Resetting your gut for total body health

Cleansing the gut is as crucial to gut health as removing the old oil from your automobile before adding the new oil.

Just imagine returning your gut, intestines and colon lining to the pristine condition you had it in when you were a child — clean, pink and functioning optimally. You can do this… with a cleanse and by following steps to re-introduce foods that boost your colon health. And here’s why you should…

If you have any symptoms of chronic illness, anywhere in your body, the gut is where we begin the healing process. Here are some of the worst offenders for causing chronic illnesses…

Leaky gut syndrome

The name sounds crude, but this really common condition may exist in over 90 percent of the adult U.S. population due to poor nutrition choices, toxins, medications, and stress.

Leaky gut syndrome causes inflammation in the body. What happens in leaky gut syndrome is this: the tight cellular junctions lining the small intestines get holes in them and they begin to allow undigested proteins and foreign microbials (viruses, bacteria, mycotoxins, yeast, fungus, and parasites) to pass through into the blood stream unchecked.

Tennis court-sized villi

The small intestine is where most of the nutrition you take in gets into your blood stream — via the villi. The villi are the hills and valleys of surface area your body uses to block bad bugs and particles and to allow good nutrition in. If we spread out the villi of an average adult so it was flat it would equal the square footage of a tennis court (that’s playing doubles not singles). Imagine hundreds of “holes” in your villi allowing bad particles in, including infectious bugs, providing poor digestion and even worse assimilation (passing of vitamins, minerals, and micronutrients into the cells). This condition of “Leaky Gut” is what generates the condition of chronic illness, upsetting all the systems of health in the body.

But we must do all 4 R’s of Gut Healing I mentioned in my last post to correct the problem. For a quick review, the 4 R’s of Gut Healing are:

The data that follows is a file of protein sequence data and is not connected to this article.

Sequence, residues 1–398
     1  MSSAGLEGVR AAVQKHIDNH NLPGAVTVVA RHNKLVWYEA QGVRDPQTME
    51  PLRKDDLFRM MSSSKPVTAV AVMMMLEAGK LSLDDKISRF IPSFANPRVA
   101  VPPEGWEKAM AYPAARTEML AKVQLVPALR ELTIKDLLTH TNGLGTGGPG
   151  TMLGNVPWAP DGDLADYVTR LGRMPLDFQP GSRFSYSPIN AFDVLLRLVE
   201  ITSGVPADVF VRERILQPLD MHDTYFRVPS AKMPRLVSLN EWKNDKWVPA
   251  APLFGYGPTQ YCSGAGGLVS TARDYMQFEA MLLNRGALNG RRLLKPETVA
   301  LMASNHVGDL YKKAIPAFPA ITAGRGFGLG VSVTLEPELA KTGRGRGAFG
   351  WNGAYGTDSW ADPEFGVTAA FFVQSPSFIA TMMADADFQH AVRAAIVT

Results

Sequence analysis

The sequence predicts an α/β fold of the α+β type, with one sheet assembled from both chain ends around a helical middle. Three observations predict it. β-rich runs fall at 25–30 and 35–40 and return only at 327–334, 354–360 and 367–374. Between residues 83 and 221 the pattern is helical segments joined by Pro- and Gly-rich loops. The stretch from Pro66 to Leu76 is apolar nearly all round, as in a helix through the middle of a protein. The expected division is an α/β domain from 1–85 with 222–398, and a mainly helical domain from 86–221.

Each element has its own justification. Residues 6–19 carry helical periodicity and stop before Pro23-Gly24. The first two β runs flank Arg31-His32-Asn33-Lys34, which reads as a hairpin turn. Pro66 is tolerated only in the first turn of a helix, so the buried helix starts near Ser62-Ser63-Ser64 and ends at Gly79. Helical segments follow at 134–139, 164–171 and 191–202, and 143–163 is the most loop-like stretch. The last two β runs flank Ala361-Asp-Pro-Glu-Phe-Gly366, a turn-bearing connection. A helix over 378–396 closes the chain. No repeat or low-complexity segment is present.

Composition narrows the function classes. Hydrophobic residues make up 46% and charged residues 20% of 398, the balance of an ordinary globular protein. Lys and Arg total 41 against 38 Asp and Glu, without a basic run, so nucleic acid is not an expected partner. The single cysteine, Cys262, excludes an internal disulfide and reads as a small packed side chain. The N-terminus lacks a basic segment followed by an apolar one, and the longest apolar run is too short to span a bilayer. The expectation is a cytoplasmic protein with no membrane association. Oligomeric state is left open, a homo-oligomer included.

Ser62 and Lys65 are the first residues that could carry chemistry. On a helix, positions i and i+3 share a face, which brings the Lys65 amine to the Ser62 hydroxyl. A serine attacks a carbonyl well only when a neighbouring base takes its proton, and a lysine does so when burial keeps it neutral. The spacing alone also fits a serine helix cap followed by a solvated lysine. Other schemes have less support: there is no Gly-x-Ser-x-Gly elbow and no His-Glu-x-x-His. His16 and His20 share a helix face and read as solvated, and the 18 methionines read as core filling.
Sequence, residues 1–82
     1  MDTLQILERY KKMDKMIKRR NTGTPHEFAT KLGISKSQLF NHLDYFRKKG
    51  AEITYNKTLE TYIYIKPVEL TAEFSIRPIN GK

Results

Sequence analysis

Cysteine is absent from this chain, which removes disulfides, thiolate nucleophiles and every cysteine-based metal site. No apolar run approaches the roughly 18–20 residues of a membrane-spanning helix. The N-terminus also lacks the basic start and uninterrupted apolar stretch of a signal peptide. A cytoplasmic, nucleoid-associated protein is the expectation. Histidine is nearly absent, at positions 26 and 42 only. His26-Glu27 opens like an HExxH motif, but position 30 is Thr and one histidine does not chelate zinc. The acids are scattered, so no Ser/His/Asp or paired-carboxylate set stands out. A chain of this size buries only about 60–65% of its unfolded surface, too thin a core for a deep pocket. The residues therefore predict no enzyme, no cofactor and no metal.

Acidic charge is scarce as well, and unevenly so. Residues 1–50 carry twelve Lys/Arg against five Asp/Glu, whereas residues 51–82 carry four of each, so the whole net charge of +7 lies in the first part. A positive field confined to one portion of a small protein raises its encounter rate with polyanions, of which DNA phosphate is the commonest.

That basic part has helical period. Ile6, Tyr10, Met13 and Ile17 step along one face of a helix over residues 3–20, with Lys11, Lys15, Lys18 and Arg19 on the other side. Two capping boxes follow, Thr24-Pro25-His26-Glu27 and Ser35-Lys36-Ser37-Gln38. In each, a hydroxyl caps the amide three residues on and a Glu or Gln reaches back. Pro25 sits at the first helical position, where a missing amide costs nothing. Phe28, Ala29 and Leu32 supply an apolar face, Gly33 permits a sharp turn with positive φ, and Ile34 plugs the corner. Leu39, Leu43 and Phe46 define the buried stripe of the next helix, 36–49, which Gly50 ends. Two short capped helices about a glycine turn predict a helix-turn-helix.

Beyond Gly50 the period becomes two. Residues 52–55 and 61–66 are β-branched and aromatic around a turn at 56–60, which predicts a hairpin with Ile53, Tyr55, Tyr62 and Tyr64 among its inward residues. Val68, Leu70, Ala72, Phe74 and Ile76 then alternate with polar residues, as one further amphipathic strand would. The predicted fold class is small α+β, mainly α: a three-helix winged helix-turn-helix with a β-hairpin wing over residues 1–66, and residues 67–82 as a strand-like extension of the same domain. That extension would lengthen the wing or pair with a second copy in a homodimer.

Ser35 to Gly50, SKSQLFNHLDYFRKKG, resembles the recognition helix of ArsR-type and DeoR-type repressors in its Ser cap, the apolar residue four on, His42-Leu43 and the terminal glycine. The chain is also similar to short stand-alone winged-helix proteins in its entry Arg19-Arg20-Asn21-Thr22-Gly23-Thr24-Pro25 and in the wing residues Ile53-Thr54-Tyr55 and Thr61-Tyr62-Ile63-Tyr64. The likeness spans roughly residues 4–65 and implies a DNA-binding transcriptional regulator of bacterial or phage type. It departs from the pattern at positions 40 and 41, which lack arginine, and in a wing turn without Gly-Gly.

1. Remove – via Cleanse, & Re-Introduction of food groups
  2. Replace – Digestive Enzymes (before and with meals)
  3. Restore – 2-3 Wks Pre-biotics (3g/day); 2 Billion (minimum) Probiotic count (Phlora-Syn, 1-3 mos)
  4. Repair – Zn, Cu, Mg, Se, K, Mn, Cr, L-Glutamine, Omega 3, B’s (methyl) esp. B5 + Biotin. (1-2 mos) Col-Trax, Di-Gessta (1-2 mos)

In the cleanse and re-introduction of food groups we will focus on what to eat for the next 30 days. Following the outline, you will know what to eat and you won’t have to worry about what to not eat. If it’s not on the list, don’t eat it. The cleanse will solve the first 2 steps (remove and replace) of gut healing, with the exception of adding some digestive enzymes for about a month.

Healthy eating takes time — for preparation, chewing and swallowing. Enjoy this process by eating in gratitude, realizing this is the beginning of the undoing of years of unhealthy habits. Allow the body to heal and you will be amazed at how great you will begin to feel!

The cleanse

For three days, eat only the following:

  • Breakfast: Watermelon (up to 2″ slice; get full) — in season. Out-of-season, eat berries — blueberries, blackberries, raspberries (but not strawberries).
  • Lunch: Salad (unlimited) with Salad Dressing (up to 2 Tbs) — see salad recipe in Food prep section below.
  • Then, ½ hour after Salad, eat a prepared fist-sized red Beet. Beets are great for cleansing the kidneys. Be prepared to see red in your urine and stool. This is normal. See how to prepare beets in Food prep section below.